Regulation of the Arabidopsis anther transcriptome by DYT1 for pollen development

Authors

  • Baomin Feng,

    1. Department of Biology, Huck Institutes of the Life Sciences, Pennsylvania State University, University Park, PA 16802, USA
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    • These authors contributed equally to this work.

    • Present address: Department of Plant and Microbial Biology, University of California, Berkeley, CA 94720, USA.

  • Dihong Lu,

    1. Intercollege Graduate Degree Program in Plant Biology, Huck Institutes of the Life Sciences, Pennsylvania State University, University Park, PA 16802, USA
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    • These authors contributed equally to this work.

  • Xuan Ma,

    1. Intercollege Graduate Program in Cell and Developmental Biology, Huck Institutes of the Life Sciences, Pennsylvania State University, University Park, PA 16802, USA
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  • Yiben Peng,

    1. Peking–Yale Joint Center for Plant Molecular Genetics and Agrobiotechnology, National Laboratory for Protein Engineering and Plant Genetic Engineering, College of Life Sciences, Peking University, Beijing 100871, China
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  • Yujin Sun,

    1. Department of Biology, Huck Institutes of the Life Sciences, Pennsylvania State University, University Park, PA 16802, USA
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    • Present address: Department of Biology, University of North Carolina at Chapel Hill, Chapel Hill, NC 27599, USA.

  • Gang Ning,

    1. Department of Biology, Huck Institutes of the Life Sciences, Pennsylvania State University, University Park, PA 16802, USA
    2. Microscopy and Cytometry Facility, Huck Institutes of the Life Sciences, Pennsylvania State University, University Park, PA 16802, USA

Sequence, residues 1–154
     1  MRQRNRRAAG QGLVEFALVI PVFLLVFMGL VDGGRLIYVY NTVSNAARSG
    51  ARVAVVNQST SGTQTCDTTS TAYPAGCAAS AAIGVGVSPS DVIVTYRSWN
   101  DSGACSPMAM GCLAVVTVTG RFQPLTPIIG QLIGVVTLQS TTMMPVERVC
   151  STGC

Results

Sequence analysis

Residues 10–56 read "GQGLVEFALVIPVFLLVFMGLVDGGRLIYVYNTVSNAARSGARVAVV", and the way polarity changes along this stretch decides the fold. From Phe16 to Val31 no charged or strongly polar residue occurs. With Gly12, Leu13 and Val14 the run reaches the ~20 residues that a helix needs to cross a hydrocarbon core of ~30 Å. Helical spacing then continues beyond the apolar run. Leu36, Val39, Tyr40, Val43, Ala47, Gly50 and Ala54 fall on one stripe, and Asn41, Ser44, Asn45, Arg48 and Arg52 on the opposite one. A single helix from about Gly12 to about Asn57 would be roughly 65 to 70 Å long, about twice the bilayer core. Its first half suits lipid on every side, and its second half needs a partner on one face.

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  • Hong Ma

    Corresponding author
    1. State Key Laboratory of Genetic Engineering and Institute of Plant Biology, Center for Evolutionary Biology, School of Life Sciences, Fudan University, Shanghai 200433, China
    2. Institutes of Biomedical Sciences, Fudan University, Shanghai 200032, China
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(e-mail hongma@fudan.edu.cn).

Summary

Several genes encoding transcription factors have been shown to be essential for male fertility in plants, suggesting that transcriptional regulation is a major mechanism controlling anther development in Arabidopsis. DYSFUNCTIONAL TAPETUM 1 (DYT1), a putative bHLH transcription factor, plays a critical role in regulating tapetum function and pollen development. Here, we compare the transcriptomes of young anthers of wild-type and the dyt1 mutant, demonstrating that DYT1 is upstream of at least 22 genes encoding transcription factors and regulates the expression of a large number of genes, including genes involved in specific metabolic pathways. We also show that DYT1 can bind to DNA in a sequence-specific manner in vitro, and induction of DYT1 activity in vivo activated the expression of the downstream transcription factor genes MYB35 and MS1. We generated DYT1–SRDX transgenic plants whose fertility was dramatically reduced, implying that DYT1 probably acts as a transcriptional activator. Furthermore, we used yeast two-hybrid assays to show that DYT1 forms homodimers and heterodimers with other bHLH transcription factors. Our results demonstrate the important role of DYT1 in regulating anther transcriptome and function, and supporting normal pollen development.

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